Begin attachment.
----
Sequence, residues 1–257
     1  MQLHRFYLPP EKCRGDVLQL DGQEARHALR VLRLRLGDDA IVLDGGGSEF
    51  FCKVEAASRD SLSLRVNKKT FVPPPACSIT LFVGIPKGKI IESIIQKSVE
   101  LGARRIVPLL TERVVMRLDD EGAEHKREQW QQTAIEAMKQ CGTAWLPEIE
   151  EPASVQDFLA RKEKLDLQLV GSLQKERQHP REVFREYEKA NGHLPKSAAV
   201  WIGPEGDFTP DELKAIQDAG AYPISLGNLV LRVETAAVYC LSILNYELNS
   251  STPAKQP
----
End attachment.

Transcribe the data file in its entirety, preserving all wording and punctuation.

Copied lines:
Sequence, residues 1–257
     1  MQLHRFYLPP EKCRGDVLQL DGQEARHALR VLRLRLGDDA IVLDGGGSEF
    51  FCKVEAASRD SLSLRVNKKT FVPPPACSIT LFVGIPKGKI IESIIQKSVE
   101  LGARRIVPLL TERVVMRLDD EGAEHKREQW QQTAIEAMKQ CGTAWLPEIE
   151  EPASVQDFLA RKEKLDLQLV GSLQKERQHP REVFREYEKA NGHLPKSAAV
   201  WIGPEGDFTP DELKAIQDAG AYPISLGNLV LRVETAAVYC LSILNYELNS
   251  STPAKQP